This post is a technical dive into the eQ Alpha; the technologies and approaches we used and some of the thinking and lessons we learnt.
I haven’t gone into the details of specific requirements we need to satisfy with the eQ before, other than mentioning that the system will cover Business and Social surveys as well as the Census. I think it will be useful to provide a bit more detail on the Census part of that scope now in order to explain some of the technical decisions made in the Alpha.
In terms of architecture, the Census poses the most challenging requirements. This is a survey that goes to every household in the UK over a 6-week period, which introduces some interesting scalability needs (some basic modelling places it at half-a-million or more peak simultaneous users on specific days over that period), for this period the system needs to be very resilient. This isn’t to say that system shouldn’t be scalable and resilient in any case, but it certainly emphasises the point.
Firstly, to be clear, we never set out to try and meet those kinds of scalability numbers in the Alpha or solve all the issues this introduces. What we wanted to prove was the fundamental approach we would be taking would scale horizontally (i.e. doubling the number of servers would roughly double the supported users); as opposed to requiring vertical scaling (adding more CPU/RAM/Storage to servers) which only gets you so far before reaching physical limitations and quickly becomes very expensive. We also wanted to prove that the approach would help facilitate (and not prevent) a high resilience setup.
I should also mention that developing the eQ as an independent product with a dedicated team is part of the wider ONS technology strategy to move to a product and services based approach. It should go without saying, this also means we want clean segregation of products and services with well defined scope and interfaces, this all feeds into the approach to the Alpha and how we divided the system up.
Keeping the requirements in mind and building on good engineering practices, one of the key decisions at the start of the Alpha was to work to the 12 factor apps methodology. This was to ensure we could deploy to modern cloud platforms, enable continuous deployment, scale up easily and offer maximum portability. Even within the timescales of the Alpha this proved to be a valuable approach to have taken as we switched providers a few times, setup automated deployments and also validated the scalability of the architecture via load testing, I’ll provide more details about these elements below.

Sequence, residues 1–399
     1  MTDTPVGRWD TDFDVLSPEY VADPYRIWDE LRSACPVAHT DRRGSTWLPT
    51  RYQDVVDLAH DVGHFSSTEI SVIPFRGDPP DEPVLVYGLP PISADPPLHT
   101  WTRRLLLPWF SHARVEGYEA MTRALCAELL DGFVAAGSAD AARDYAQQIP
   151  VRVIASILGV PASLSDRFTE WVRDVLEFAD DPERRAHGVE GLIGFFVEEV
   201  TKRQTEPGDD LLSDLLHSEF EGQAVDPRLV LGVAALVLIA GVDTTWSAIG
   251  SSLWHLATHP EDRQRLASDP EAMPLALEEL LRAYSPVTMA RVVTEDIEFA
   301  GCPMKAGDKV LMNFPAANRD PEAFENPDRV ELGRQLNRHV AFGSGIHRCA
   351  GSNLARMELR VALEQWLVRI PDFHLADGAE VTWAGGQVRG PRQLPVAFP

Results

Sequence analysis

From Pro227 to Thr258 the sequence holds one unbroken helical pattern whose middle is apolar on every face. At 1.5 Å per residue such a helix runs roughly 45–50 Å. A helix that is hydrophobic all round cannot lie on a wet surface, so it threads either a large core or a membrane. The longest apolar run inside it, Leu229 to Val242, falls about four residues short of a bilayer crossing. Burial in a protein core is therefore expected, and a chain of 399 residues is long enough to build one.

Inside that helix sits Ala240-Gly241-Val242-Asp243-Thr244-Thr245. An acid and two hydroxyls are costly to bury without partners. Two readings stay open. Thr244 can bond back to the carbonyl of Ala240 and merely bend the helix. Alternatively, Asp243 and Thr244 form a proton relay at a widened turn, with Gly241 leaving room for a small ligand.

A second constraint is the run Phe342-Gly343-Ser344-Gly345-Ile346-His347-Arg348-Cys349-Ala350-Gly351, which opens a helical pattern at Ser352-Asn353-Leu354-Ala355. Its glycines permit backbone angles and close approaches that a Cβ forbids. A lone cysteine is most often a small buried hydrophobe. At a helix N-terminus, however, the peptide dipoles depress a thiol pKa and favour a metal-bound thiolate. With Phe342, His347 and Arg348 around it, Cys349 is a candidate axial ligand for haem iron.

The eQ team were given the often rare opportunity to work on a greenfield system, and this wasn’t a privilege that was taken lightly. As I wrote previously about Sprint 0, we wanted to push for a high level of continuous delivery maturity, whilst keeping the investment proportional to the scope of an Alpha (prototype, non-production, rapid development). We also took into consideration the desire to explore the tools and techniques that we would be using in Beta when producing the production ready system.
We used Travis CI to manage our continuous integration, you can read more about this in my post about the team toolkit. Travis worked really well in Alpha and we plan to use it in Beta for continuous builds, although we will be introducing our own Jenkins server as well to handle the more sensitive aspects of our production deployment pipeline.
The Alpha system was composed of two main components, the internal facing (to ONS staff) authoring experience (eq-author) and the external facing (to the public) respondent system (eq-survey-runner). It was decided both of these would be web apps, the respondent system should obviously be so, but the authoring could have been developed as a desktop application. However, there are a lot of advantage of zero-footprint apps (software as a service), such as simple client deployment (i.e. none required other than the browser), updating (you always get the latest version), cross-platform (should work on any modern browser/OS).
The diagram below shows the architecture we concluded the Alpha with:
The authoring tool (eq-author) allowed internal staff to login and setup surveys, each of which could contain multiple questionnaires. The questionnaires could be edited in an authoring experience allowing them to add sections and different types of questions, set validation and routing/navigation rules. As this is for internal users, we are able to target modern browsers (e.g. ONS desktop standard is IE11 and Chrome).
This was a Python based web app built using the Django framework, which was selected as it includes a number of capabilities out the box we knew would benefit from, such as a UI template language, user account management, automated database schema migration and a built-in admin dashboard. It is a well established mature framework for the kind of app we were developing. The authoring tool was deployed to Heroku‘s Platform as a Service (PaaS), connected to a Postgres database as a service.